For the last few months I have been eating between 1,600 and 1,800 calories each day. I would have to say that over 99% of what I have eaten during this time would be considered to be extremely healthy by most people (check out a slide show of my food diary for January). During this time I have also started (and changed) my strength training routine.
Even with doing all of the typical healthy things associated with weight loss and overall health, my weight has not changed much in the last 3 months (I’ve lost about 7 lbs during that stretch). So even though I don’t use the scale to decide whether I’ve had a good week or month, I do use it as a tool in getting healthy.
How I Use The Scale
I weigh myself multiple times a day, mostly for fun. However, I also take note of the overall direction of the scale over time. If I am doing everything right and I my weight isn’t moving toward a more healthy number, that is a sign of something going wrong. I usually look in two places.
First, I will check to make sure that I haven’t incorrectly measured anything. This includes my BMR, daily/weekly activity level or anything else that I use to estimate both my maintenance calories as well as how large of a caloric deficit I will need in order to hit my goals.
I also take a look at my meals and my measuring methods to ensure that I am not underestimating the amount of calories that I am actually taking in each day. I think that many people underestimate the amount of food they put on their plate (a “cup” is usually a lot more than a cup unless you measure it) and because of this, they aren’t really in a caloric deficit.
The goal here is to rule out the fact that I am not eating at my maintenance level with out even realizing it.
If I knew for certain that I was taking in an adequate amount of calories, while still being in a deficit, then I would seek medical help. The first thing that usually comes to mind when someone has trouble losing weight and it’s not tied to their lifestyle, is their thyroid.
Hormone production plays a huge part in our body’s ability to burn fat, and also its inclination to store fat. I am not at this point yet since, as you will see below, I have a change that still needs to be made to my current routine.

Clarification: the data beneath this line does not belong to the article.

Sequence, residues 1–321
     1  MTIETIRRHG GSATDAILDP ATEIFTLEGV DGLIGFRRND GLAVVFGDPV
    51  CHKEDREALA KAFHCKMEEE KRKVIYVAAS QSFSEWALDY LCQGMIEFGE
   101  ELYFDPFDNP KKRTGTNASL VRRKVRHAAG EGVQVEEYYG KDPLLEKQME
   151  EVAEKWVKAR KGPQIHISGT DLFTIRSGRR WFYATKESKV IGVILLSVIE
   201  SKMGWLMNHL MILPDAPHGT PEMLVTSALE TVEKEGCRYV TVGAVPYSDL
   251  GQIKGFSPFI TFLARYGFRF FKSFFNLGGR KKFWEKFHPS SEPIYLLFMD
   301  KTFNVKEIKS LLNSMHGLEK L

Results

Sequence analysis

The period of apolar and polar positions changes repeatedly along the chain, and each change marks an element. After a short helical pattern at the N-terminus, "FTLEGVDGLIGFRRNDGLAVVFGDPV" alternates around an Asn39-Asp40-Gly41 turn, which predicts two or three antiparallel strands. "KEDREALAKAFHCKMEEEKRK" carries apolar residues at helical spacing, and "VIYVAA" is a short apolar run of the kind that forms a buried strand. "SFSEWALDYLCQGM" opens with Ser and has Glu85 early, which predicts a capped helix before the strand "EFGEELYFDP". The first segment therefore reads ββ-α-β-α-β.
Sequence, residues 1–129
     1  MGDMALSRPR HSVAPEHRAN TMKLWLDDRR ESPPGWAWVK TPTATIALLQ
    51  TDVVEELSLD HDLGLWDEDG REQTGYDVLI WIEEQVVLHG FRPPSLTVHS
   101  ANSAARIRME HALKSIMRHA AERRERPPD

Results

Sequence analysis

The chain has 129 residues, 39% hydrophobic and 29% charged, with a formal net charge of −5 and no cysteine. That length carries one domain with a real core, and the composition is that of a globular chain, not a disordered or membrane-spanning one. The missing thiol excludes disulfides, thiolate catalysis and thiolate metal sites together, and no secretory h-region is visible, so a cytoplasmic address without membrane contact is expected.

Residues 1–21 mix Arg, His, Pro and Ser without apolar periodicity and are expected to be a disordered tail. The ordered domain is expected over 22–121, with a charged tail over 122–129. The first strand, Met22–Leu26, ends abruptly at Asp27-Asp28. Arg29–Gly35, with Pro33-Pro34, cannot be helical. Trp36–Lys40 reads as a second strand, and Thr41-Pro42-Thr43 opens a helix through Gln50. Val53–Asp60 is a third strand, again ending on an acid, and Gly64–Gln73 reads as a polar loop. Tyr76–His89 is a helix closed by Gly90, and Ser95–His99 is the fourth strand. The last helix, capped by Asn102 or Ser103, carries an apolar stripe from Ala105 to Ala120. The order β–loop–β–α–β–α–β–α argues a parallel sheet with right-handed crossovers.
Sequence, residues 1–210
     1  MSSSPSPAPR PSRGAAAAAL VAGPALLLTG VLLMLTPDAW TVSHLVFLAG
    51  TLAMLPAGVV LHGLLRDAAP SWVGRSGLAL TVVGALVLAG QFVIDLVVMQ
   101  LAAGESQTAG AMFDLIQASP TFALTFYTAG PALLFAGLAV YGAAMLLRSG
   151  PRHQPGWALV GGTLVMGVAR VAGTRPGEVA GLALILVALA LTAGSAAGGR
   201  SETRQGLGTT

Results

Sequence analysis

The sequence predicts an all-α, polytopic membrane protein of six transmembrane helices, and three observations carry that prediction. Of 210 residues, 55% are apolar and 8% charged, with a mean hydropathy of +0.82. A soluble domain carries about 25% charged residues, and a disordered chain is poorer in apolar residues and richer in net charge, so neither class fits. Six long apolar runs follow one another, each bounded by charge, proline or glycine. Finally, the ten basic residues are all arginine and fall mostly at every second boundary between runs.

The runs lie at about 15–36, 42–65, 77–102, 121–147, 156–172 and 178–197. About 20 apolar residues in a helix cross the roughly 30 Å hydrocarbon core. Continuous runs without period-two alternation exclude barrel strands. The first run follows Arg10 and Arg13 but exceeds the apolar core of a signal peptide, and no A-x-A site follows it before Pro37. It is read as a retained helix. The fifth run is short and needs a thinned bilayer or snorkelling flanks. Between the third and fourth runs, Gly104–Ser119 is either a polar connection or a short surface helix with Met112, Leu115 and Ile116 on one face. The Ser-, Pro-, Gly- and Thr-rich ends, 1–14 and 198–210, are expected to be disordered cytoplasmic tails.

Here’s What I Discovered
I put myself in a huge deficit – between 1,000 and 1,200 calories per day! There is a point where you can eat so few calories in relation to your maintenance level, that your metabolism actually begins to slow down in order to preserve tissue. Your body will become more efficient, needing less energy to carry out daily functions, meaning that you will not burn as many calories as you would in a normal state.
I entered some information into my calorie tracking app and set it to where I would purposely be in that large of a deficit. I honestly didn’t think my body was burning that many calories, so I was fine with the number. Now that I have been following my routine perfectly and still am not seeing a weight loss, I know that it is time for a change.
Instead of going with the number that my calorie tracking app gave me, I decided to use a stand-alone calorie calculator to determine my maintenance level. I used the calculator at freedieting.com to come up with this number. I will talk about the complete process on Monday and tell you why I’ve decided on the number that I did.
My New Daily Calorie Intake
I am going to work my way up to having 2,300 calories each day, but I think this is the right thing for my body. I will still concentrate on getting enough of certain nutrients (protein, fat, and fiber), and I will probably fill in a good majority of the remaining calories with carbs.
It’s going to take a little time to get used to this, since my routine was pretty set regarding my food. I am still doing intermittent fasting, so now I have to do a better job of eating at work, so I’m not stuck trying to eat 1,200-1,500 calories once I get home.
Again, I will show you what the calculator estimated for me, as well as what my daily macronutrient targets are on Monday.
photo credit: _chrisUK
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